No. Under the 2017 formula, loss amounts above the split point will no longer be used in the experience modification calculation. Excess losses, which represent the severity of claims, can vary widely based on factors that may not be under the control of the employer. The variable split point plan places increased weight on the frequency of claims, which is a better predictor of future claims and may be more controllable by the employer.

How is the “size” of an employer determined for the purpose of the experience rating calculation?
The new formula uses expected losses as a measure of employer size. Expected losses are calculated based on the reported payroll for all policies in the experience period and expected loss rates by classification (per $100 of payroll) approved by the Insurance Commissioner that are applicable to that year’s experience modifications.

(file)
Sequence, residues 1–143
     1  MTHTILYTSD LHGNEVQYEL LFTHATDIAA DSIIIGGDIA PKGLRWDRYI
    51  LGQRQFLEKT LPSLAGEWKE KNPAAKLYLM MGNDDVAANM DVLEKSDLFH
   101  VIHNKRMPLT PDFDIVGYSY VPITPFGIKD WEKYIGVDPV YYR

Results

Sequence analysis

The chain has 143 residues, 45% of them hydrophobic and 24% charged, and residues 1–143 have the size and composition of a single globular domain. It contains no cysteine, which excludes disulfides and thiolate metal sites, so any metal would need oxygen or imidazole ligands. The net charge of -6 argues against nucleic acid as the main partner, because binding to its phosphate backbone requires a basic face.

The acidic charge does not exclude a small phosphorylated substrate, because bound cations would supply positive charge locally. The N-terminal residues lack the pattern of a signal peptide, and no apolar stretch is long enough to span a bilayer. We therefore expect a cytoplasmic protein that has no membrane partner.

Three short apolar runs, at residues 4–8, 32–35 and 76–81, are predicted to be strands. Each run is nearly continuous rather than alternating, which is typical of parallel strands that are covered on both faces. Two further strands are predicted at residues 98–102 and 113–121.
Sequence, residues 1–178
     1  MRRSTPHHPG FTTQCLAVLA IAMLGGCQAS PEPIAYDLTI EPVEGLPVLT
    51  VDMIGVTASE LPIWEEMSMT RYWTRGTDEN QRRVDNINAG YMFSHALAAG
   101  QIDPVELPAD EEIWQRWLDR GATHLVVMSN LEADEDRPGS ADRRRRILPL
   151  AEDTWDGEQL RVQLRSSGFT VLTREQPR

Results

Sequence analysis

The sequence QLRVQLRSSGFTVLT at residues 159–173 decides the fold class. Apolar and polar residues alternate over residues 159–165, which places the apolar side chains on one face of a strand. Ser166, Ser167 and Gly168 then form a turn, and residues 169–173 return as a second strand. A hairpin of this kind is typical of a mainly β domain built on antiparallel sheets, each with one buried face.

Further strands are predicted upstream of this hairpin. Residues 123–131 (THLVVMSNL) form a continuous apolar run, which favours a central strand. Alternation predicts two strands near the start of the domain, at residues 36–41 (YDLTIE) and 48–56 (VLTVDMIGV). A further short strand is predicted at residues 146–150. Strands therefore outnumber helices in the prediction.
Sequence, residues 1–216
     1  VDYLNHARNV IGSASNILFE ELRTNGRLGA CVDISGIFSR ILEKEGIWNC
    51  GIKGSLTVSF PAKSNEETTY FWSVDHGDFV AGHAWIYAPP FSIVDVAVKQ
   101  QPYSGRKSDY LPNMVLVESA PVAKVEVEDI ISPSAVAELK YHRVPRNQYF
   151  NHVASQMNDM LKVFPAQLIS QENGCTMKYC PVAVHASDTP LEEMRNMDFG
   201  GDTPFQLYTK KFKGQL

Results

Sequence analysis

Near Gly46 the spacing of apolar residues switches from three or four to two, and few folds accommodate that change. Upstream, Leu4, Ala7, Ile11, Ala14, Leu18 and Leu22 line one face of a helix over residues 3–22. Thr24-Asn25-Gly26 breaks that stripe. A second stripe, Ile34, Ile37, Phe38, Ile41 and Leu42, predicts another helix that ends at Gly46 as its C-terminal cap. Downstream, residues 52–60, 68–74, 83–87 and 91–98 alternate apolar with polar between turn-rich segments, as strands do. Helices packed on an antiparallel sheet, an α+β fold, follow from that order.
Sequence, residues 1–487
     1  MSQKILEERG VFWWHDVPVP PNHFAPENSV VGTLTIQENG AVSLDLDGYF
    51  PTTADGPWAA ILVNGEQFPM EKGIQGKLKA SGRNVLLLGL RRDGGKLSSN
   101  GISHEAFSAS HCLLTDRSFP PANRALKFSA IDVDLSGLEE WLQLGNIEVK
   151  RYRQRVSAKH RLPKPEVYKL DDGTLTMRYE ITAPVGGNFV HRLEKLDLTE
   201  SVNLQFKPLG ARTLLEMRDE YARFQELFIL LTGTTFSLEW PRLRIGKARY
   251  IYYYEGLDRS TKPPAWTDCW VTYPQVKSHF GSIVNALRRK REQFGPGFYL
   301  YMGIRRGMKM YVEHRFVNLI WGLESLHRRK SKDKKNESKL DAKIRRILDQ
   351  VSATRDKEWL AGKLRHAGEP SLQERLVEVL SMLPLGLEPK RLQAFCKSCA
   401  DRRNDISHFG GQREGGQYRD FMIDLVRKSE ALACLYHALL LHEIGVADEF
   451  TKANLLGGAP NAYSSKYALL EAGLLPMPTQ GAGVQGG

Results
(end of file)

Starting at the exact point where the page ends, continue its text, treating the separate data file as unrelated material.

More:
How does this change impact small claims?
Small claim amounts below the primary threshold will be used at their full value. Claim amounts in excess of the threshold will not be used.

Will the large loss cap of $175,000 still apply?
The 2017 Plan still includes a $175,000 maximum loss value, but it will largely be irrelevant because only losses up to the primary split points (which are all less than $175,000) are used in the experience modification formula.

Will the experience rating form change?
The experience rating form—commonly referred to as the ratesheet—will not change much. A new field will be added to show the split point value used in the calculation.

Is there a way I can calculate what an experience modification will be under the new Plan?

Experience Modification can be estimated with the WCIRB Experience Modification Estimator which uses 2017 experience rating values proposed to the Insurance Commissioner and allows you to see the potential impact of the new formula. 

What happens when a policyholder doesn’t cooperate with a final audit?